Paganism To A Bouquet Of Roses

When the second week of February comes around and the world becomes infested with couples holding hands and the prices of red roses jack up, my eyes couldn’t roll any harder. But when you’re scrambling to find a cheap teddy bear at CVS for your S.O., you might want to reconsider what this seemingly 21st Century, retail dictated holiday is; Valentine’s Day.

We associate this holiday with heart-shaped candy and candle-lit dinners, but we only have Shakespeare’s romanticized works to thank for this mood shift. Originally, Valentine’s Day was created to honor two martyrs named Valentinus who were killed for their faith on February 14th.

This created St. Valentine’s Day in the Catholic Church. But before these two deaths, in the Roman Empire, the festival and feast of Lupercalia were “celebrated” from February 13th to 15th. This holiday, lasting three days, made many animal sacrifices and literally hit women, thinking that would make them fertile. According to NPR, there was also the work of matchmaking during the feast of Lupercalia. The couples would have to stay together throughout the festival in hopes they would end up together for life. Luckily, this gory, pagan feast was replaced and reduced by the feast day of St. Valentines on February 14th by Pope Gelasius I (Seipel).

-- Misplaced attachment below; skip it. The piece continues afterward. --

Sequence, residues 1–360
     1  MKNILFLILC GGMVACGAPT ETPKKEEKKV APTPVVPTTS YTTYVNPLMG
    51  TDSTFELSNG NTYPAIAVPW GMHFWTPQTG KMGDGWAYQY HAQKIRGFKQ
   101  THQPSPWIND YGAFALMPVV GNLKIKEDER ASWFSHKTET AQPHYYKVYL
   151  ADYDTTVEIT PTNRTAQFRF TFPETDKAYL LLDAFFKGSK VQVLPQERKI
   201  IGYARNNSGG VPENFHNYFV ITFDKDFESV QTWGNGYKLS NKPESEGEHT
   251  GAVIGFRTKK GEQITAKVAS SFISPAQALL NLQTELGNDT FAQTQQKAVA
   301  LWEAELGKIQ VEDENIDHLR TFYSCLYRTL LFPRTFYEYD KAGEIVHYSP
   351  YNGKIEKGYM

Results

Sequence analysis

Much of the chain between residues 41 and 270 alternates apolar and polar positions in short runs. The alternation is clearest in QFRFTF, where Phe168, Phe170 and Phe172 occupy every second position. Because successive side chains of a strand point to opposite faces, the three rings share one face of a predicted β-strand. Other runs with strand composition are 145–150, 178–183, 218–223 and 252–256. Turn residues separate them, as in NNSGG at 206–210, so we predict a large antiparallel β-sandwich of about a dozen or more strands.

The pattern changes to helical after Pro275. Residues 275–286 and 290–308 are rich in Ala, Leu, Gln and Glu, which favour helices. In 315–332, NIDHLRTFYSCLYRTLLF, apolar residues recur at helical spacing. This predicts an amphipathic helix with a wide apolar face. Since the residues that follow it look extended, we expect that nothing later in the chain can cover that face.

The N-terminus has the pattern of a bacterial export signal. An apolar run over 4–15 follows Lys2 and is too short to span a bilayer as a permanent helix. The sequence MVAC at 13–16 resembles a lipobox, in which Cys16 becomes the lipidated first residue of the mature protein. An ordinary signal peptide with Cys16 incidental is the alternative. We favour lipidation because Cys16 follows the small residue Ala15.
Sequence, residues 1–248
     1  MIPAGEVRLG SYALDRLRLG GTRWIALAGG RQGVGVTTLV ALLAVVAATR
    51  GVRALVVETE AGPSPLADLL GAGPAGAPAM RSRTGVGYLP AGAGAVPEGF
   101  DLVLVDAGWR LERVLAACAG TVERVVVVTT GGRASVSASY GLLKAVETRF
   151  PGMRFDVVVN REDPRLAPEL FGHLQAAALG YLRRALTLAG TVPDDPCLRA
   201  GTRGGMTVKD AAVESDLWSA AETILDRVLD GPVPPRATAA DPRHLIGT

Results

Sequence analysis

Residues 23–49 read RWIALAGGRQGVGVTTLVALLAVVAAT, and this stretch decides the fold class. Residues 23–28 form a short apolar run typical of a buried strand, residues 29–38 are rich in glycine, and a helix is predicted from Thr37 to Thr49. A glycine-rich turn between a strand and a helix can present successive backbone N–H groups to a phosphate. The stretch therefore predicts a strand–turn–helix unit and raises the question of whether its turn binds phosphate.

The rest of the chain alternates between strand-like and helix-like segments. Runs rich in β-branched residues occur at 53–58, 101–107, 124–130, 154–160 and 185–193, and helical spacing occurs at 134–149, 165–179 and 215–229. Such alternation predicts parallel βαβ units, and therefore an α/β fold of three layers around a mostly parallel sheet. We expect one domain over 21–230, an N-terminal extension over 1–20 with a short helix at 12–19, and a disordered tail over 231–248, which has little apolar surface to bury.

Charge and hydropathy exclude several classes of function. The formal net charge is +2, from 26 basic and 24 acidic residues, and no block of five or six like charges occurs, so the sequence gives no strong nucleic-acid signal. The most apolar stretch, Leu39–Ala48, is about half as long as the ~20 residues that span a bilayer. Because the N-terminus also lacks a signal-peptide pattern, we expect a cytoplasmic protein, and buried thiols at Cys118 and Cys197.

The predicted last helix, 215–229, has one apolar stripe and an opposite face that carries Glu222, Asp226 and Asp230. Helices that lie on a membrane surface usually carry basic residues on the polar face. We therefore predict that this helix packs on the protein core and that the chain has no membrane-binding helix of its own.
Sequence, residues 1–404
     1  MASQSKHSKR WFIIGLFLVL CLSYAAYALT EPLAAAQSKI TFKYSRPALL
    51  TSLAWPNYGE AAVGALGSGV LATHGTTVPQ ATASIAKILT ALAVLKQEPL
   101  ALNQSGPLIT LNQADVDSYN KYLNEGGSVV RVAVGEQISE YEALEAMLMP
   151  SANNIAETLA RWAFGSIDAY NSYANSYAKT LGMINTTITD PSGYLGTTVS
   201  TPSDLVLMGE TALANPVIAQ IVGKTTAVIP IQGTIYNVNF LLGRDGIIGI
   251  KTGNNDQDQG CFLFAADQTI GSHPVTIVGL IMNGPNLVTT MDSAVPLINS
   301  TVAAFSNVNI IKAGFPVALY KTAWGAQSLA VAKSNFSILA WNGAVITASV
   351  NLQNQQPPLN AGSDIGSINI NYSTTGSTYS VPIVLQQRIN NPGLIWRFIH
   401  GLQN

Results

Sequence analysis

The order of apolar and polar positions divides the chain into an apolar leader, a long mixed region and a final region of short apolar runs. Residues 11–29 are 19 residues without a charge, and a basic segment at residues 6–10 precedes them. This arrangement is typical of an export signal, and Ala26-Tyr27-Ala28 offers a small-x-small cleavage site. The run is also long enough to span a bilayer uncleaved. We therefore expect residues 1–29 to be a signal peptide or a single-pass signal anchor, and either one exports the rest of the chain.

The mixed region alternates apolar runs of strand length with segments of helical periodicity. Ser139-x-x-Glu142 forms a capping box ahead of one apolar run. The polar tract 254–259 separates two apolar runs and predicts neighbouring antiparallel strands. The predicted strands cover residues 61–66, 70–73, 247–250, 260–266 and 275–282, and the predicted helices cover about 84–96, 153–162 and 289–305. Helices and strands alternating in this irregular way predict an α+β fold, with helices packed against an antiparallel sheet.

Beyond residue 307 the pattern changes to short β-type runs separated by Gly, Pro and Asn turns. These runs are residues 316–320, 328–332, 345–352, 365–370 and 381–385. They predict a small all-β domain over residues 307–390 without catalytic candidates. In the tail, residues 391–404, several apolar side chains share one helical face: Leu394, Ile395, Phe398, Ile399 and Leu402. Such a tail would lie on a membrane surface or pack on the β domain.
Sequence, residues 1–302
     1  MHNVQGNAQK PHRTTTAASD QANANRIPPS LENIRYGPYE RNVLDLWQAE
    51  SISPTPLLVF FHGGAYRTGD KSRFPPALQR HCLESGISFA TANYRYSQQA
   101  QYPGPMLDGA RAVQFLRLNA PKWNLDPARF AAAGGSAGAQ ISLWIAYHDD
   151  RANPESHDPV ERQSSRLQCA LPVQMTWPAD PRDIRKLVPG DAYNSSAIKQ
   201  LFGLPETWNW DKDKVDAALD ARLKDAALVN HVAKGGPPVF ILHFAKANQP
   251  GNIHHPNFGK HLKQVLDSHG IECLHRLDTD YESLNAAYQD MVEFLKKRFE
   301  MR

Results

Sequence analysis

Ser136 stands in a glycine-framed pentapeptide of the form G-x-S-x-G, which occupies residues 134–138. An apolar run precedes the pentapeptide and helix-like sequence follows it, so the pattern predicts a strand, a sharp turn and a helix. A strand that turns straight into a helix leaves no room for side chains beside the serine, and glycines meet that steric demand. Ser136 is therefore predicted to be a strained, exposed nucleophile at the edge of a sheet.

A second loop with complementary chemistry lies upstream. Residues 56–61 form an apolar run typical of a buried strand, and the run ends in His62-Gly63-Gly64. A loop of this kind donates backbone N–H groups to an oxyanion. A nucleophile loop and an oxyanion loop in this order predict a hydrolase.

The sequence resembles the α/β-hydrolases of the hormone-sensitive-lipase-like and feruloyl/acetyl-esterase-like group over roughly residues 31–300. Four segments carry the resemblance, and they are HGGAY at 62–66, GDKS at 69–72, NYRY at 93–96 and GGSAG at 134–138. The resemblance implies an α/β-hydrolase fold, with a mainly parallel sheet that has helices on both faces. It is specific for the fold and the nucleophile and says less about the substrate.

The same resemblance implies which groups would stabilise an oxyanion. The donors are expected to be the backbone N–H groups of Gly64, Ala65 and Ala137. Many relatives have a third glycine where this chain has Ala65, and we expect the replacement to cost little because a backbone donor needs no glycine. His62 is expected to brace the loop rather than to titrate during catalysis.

As mentioned before, we have Shakespeare to give our thanks to because of his poetic works. As these works were gaining popularity throughout Europe, so was the holiday. There were even handmade paper cards made. You’re welcome, Hallmark. From the Middle Ages to the Industrial Revolution, these love cards became mass produced. And here we are today, daydreaming about your crush, praying your boyfriend doesn’t get you sunflowers because you’re allergic to them or becoming sick at thought of the colors red and pink.

So, next time your boyfriend is about to drain his bank account on dinner for you and him, be thankful for him and for the century you’re born in.